Friday, 8 February 2013


There’s too much information now.

As I asked in the ill-fated interview I did a few weeks ago (which The GNR posted on youtube), is there no mystery any more?  Do we really need to know everything about everyone?  And why would we want to?

One of the best things about the internet is the opportunity it provides to re-invent ourselves, and be in charge of our own story.  That liberating possibility is under pressure from powerful forces trying to censor, control and reduce what we can see. The starkest efforts are made by repressive regimes, but in ostensibly free societies, the control of information is far more sophisticated – actual censorship is rare.

The easy availability of vast swathes of information is also, on the whole, a positive development, but like any technology, it’s a tool – only as good as the skill/consciousness of the person/people using it.

There is a wealth of information available, but as the law of averages suggests, much of it is relatively useless, trivial or just incorrect.  And almost all of it is subjective.

And I want to censor – or, at least, manage – information about myself….

For example, I am invited to share information about gigs and releases (and all manner of things about myself) on:

Linked In
Ents 24
Last FM
Pure Connect
After Dark
Unsigned Band Review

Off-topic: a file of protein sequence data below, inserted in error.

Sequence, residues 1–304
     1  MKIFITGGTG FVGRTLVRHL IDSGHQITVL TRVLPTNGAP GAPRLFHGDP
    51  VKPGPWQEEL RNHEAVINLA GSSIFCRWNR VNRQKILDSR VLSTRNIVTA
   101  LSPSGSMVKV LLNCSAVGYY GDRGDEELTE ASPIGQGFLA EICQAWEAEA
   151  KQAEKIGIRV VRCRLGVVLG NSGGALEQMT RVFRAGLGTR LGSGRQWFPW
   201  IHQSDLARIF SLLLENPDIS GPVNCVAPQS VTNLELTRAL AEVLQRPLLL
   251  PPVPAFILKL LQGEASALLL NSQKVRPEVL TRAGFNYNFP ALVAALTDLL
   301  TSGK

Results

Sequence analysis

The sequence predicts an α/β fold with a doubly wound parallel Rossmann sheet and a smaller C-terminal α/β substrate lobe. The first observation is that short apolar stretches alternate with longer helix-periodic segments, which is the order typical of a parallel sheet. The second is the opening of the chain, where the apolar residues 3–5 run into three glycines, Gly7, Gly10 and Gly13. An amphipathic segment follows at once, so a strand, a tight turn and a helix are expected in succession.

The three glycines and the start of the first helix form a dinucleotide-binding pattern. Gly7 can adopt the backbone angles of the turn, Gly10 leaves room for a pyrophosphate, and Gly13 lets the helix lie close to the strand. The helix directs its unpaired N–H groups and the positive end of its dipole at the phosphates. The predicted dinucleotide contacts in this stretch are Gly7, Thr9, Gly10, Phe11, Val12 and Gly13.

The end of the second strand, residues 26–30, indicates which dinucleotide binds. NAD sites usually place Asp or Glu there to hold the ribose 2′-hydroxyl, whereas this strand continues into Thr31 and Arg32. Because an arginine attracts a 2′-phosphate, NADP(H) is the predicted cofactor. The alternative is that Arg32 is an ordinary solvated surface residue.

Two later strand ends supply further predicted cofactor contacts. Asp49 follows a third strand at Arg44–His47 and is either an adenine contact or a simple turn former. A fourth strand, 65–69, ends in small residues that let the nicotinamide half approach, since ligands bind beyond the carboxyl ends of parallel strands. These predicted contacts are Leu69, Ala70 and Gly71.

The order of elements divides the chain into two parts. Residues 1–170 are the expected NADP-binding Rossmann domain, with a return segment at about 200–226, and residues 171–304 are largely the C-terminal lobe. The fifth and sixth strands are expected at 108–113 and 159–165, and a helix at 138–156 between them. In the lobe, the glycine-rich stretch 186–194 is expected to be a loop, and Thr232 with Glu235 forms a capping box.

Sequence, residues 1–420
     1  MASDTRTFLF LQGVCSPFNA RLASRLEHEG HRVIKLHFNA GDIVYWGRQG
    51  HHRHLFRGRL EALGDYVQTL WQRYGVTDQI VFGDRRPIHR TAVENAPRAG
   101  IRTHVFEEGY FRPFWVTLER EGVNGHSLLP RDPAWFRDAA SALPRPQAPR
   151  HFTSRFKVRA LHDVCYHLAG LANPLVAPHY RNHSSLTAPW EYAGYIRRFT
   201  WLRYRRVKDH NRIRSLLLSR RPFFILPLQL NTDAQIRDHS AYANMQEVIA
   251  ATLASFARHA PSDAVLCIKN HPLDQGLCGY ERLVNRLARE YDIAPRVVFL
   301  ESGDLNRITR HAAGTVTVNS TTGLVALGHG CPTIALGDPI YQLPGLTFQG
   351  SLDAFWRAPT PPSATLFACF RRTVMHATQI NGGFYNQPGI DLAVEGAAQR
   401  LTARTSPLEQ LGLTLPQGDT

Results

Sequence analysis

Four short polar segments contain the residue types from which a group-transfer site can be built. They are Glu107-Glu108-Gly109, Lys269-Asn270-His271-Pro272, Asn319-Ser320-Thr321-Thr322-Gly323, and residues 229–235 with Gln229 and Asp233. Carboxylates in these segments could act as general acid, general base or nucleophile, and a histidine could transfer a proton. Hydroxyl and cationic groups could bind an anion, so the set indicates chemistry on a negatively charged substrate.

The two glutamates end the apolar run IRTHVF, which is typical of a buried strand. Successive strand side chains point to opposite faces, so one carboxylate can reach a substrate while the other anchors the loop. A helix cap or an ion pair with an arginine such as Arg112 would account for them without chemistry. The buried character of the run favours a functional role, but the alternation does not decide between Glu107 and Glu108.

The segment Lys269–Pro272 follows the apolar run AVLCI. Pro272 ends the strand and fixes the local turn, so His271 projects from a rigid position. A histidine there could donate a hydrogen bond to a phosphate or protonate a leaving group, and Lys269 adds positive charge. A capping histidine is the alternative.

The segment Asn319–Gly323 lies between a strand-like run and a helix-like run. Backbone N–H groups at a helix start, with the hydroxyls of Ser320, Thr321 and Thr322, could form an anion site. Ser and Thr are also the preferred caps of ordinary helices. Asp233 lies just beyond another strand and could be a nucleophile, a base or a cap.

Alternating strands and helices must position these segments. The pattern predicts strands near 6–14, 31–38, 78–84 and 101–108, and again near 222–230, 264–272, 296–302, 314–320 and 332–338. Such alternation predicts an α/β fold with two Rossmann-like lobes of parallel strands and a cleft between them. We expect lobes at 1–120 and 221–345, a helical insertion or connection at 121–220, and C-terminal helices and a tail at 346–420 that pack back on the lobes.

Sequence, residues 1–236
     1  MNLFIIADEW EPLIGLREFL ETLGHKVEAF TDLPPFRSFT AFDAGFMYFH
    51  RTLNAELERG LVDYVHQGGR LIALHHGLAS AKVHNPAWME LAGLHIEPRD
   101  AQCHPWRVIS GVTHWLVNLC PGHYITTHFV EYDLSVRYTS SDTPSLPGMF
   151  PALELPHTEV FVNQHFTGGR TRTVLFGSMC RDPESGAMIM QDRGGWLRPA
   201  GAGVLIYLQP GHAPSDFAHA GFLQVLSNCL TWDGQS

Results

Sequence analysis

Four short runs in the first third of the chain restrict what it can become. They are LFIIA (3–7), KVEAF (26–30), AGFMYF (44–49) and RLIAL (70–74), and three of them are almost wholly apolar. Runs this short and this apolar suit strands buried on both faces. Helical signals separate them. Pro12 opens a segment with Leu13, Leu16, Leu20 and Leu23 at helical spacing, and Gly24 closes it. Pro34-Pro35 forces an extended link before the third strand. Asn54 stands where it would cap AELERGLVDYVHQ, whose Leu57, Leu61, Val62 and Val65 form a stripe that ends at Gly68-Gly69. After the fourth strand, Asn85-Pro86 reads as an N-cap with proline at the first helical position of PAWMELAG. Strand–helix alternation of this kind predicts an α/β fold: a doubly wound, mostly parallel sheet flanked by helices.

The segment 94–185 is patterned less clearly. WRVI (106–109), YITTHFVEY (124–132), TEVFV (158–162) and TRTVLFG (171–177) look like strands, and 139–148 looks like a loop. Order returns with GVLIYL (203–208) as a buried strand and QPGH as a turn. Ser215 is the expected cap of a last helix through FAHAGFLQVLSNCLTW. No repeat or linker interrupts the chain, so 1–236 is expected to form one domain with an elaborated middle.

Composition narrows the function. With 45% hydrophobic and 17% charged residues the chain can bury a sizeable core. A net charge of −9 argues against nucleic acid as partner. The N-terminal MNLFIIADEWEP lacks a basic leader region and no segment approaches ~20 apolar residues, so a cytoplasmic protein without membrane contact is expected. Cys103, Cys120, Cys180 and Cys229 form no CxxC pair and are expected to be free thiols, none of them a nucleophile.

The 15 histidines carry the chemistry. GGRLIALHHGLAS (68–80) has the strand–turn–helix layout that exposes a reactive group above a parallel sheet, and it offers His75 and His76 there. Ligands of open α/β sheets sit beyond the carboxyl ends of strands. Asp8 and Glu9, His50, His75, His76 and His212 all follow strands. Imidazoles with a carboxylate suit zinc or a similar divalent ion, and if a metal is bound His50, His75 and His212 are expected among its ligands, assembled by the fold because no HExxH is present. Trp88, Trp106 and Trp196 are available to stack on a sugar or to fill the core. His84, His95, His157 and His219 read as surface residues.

The Guardian****

*I know, it’s like, “What is this – 2004?” Right?
**I know, it’s like “What is this – 1994?” Right?
***I know, it’s like “What is this – the golden age of print media?” Right?
****Yeah – Broadsheet approval….take THAT, all my school teachers.

Several of the above have pages/profiles of me that I did not set up, (and nor did anyone on my behalf/at my request…)
Some websites have my songs available to listen to or download, some have pictures of me, and information taken from other sources unknown to me. 
I’m not particularly well-known, and yet there is all this information about me. 
Obviously, I want people to hear the music, I’m not trying to hide it.  I’m pleasantly surprised that people are interested. 
And it’s better that you hear it for free than never hear it at all – I’m always more disappointed to find poorly-written descriptions of the music, or bad photos, or misleading, out-of-date information.

Also, I’ve always been perversely impressed by the openness of people who share their mobile number, address, relationship status, simple-minded views on complex problems and other personal info online.  Good for them, I thought, living their lives in public.  Like a celebrity, of sorts. 
Looks like Andy Warhol was right all along. 
And you thought he was a talent-less, cynical hack.  What are you like?

So, there’s a load of information about little-old-me.
And yet, when I was a child, I didn’t even know when Morrissey was playing the Colston Hall.
Surely some balance can be struck…?

No, let’s just burn the whole thing to the ground and start again, eh?
That usually works.  Not that I’ve done any research – the Hall Of Records was mysteriously burned down several decades ago.

All that being said, I’ll use this forum as well: I’m playing at The Croft tonight – here’s the details. 
Now that’s cross-referencing.  Boom.

NB:  I researched this by googling my own name, which is a very bad idea.
Don’t try it at home, kids.


Clayton Blizzard

No comments:

Post a Comment